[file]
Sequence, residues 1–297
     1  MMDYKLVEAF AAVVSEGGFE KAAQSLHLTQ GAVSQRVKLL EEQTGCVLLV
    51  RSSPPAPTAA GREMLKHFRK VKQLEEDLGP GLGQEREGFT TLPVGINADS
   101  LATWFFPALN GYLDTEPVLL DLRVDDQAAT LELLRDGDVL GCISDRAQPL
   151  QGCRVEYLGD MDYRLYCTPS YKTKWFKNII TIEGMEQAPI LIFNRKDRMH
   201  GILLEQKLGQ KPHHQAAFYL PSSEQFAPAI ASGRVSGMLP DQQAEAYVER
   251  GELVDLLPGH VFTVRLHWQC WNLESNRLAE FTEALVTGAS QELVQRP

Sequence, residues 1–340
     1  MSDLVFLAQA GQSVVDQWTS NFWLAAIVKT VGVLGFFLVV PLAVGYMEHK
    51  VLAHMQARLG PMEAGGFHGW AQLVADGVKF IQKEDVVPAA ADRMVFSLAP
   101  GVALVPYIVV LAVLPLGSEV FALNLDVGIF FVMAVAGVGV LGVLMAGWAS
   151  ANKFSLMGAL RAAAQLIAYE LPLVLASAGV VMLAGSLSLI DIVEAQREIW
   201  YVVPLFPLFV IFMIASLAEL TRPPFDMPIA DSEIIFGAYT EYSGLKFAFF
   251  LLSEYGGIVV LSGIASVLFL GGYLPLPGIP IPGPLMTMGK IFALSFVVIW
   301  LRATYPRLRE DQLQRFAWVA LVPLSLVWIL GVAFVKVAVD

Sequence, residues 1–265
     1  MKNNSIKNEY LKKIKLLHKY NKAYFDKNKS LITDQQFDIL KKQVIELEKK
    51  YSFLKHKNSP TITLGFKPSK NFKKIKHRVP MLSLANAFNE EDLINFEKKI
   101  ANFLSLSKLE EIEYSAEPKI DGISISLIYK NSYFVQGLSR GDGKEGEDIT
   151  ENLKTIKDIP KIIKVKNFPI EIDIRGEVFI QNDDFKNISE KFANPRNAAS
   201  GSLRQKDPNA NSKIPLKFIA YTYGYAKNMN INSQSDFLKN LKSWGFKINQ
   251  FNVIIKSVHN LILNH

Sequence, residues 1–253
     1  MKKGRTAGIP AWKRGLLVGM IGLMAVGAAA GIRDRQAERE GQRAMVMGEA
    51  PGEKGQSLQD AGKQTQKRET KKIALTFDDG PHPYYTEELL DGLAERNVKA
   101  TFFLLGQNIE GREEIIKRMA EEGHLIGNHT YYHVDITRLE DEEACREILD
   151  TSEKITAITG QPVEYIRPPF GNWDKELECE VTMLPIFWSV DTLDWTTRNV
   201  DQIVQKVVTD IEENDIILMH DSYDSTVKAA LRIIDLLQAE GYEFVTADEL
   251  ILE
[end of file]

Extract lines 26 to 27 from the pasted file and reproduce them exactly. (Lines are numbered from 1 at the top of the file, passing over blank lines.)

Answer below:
   101  TFFLLGQNIE GREEIIKRMA EEGHLIGNHT YYHVDITRLE DEEACREILD
   151  TSEKITAITG QPVEYIRPPF GNWDKELECE VTMLPIFWSV DTLDWTTRNV